Serving the scholastic field hockey and lacrosse community since 1998

Jan. 25, 2016 — Two addresses for a special occasion

This evening, your Founder was scheduled to make a pair of presentations at the postseason banquet for the Voorhees Eastern (N.J.) field hockey team. The text below is what I would have said had a 31-inch snowpack not been dumped in our neighborhood over the past weekend:

Coach Heilig, distinguished coaching staff, parents, friends — and most of all, the 2015 Eastern field hockey team:

Two months ago, you completed your fifth consecutive undefeated season. Playing the likes of eventual Kentucky state champion Sacred Heart, Oak Knoll, Warren Hills, and Wyoming Seminary, you once again never backed down from any challenge set before you.

For the fourth straight season, your team exceeded 220 goals. Now, let me give you an idea of what that is like. There are entire conferences of teams — eight to 10 teams that play each other round-robin over the course of a season — that don’t get up to 220 goals in a year.

For the fourth time in five seasons, you won the NJSIAA Tournament of Champions. For the 17th straight time, Eastern is the NJSIAA Group IV state champion.

Since starting this site back in 1998, I’ve always wanted to chronicle what champions do, what their best practices are. This site, since 2002, awarded a trophy to the best field hockey team in the country. It was something inspired by an award once given to a former Philadelphia Eagle named Harold Carmichael. When he broke the existing record for consecutive games with a catch, Eagles owner Leonard Tose came up with a trophy that matched Carmichael’s height — for reference, Carmichael was six inches taller than me.

Before I award the TopOfTheCountry trophy to this program for the eighth time, I’m going to let you in on a little something. This award is going to have a second life this spring; we’re going to have a weekly Top 10 for girls’ high school lacrosse, with a TopOfTheCountry trophy at the end of it for the best team. Of course, if we had done this the last four or five years, McDonogh would have won them with ease, but we’ll see how it goes this spring.

It’s my pleasure to call up the captains of the Eastern field hockey team to give this award to the finest team in all the land.


Now, I have a second presentation this evening, which I don’t have to tell you about. You all lived it.

There are many ways that the 28 states that have field hockey in America choose a champion. In many cases, the state tournament winner plays its most difficult match right at the end. In others, the tournament final may be an anticlimax because the champion may have to face a regional rival in the sectional final.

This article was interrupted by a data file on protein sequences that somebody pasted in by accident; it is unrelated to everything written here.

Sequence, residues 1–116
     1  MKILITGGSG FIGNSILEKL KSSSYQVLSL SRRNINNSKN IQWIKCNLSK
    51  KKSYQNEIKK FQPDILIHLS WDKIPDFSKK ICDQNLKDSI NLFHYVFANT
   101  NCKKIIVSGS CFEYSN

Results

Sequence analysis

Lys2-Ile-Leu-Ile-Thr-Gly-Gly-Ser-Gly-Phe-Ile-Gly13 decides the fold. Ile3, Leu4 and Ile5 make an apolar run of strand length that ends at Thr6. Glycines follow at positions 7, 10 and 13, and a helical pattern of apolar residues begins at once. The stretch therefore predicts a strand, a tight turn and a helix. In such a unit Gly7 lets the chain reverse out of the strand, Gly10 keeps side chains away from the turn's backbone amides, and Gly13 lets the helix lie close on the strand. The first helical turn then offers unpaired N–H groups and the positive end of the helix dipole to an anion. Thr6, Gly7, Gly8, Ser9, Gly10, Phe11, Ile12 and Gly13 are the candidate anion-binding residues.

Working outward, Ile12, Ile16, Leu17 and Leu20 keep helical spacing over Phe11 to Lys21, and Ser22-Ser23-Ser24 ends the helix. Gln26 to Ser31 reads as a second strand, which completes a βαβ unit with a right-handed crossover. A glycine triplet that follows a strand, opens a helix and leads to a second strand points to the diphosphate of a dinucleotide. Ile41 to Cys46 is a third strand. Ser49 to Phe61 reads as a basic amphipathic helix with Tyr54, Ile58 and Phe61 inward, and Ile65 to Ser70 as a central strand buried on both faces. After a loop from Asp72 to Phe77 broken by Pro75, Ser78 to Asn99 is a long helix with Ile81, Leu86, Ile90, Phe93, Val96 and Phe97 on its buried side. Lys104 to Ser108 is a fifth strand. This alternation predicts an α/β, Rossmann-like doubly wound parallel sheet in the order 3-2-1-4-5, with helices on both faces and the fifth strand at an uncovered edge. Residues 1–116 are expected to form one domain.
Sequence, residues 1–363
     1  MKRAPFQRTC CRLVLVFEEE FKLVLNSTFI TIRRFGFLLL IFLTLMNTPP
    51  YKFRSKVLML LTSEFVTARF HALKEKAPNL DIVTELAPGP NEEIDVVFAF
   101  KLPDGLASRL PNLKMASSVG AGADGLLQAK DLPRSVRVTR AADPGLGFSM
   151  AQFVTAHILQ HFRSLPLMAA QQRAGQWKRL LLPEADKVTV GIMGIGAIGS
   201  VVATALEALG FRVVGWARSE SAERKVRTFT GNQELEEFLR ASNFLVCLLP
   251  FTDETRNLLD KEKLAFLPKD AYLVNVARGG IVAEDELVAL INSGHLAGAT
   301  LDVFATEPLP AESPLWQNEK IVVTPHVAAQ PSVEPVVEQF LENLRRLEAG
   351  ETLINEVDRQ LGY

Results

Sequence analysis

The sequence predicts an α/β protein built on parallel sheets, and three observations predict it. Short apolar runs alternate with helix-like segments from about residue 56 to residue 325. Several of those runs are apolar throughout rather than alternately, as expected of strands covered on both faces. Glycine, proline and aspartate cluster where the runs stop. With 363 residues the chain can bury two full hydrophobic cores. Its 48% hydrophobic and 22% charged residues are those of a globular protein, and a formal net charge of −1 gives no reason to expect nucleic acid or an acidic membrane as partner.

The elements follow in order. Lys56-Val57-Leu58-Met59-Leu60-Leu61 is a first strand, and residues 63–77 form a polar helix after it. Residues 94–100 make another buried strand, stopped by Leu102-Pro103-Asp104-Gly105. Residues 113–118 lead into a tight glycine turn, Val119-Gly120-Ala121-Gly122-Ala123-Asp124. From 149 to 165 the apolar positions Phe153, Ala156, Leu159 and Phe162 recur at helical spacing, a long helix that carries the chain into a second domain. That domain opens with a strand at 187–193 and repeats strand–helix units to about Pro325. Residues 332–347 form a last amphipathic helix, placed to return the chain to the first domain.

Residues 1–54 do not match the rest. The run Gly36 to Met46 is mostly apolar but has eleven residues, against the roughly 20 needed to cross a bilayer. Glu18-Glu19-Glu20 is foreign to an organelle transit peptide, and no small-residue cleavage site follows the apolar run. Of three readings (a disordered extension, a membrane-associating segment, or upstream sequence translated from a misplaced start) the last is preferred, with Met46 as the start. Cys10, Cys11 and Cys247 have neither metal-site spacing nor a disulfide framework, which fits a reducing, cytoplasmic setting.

Usually, these games are set out at a leisurely pace — two games a week, if that.

Then, there was “The Tweet Heard Around The Field Hockey World.”

The tweet that told everybody that you weren’t good enough for the top seed in the Tournament of Champions. The tweet that sent you to a play-in game just two days after winning a state final. The tweet that told everybody that Eastern, in order to win the Tournament of Champions, would have to win four high-tempo, high-energy games in seven days.

And this, you have to remember, is field hockey — a game in which goals are supposed to be rare. A game where one missed trap, one blown defensive assignment, one bounce of the ball, or one deflection can change the entire course of a game.

Only one coach could have focused a team even more tightly on the job at hand as they were already, having come off the state title win that Saturday at Bordentown.

The United States Coach of the Year Award is given to a head coach or co-head coaches who made a marked difference in the performance of a scholastic field hockey team in a particular season. The coaching performance is not limited to progress made in the year which the award is given.

Now, when I envisioned this award a decade and a half ago, I envisioned it being a bit like the Nobel Prize in that I thought there would be enough diversity in the American coaching community that a coach would likely only receive the award once.

But, Danyle Heilig, what you did over the course of the week of the 2015 Tournament of Champions stands for all time as a testament to your dedication to this sport. For the second time, please come forward and receive the award for United States Coach of the Year.



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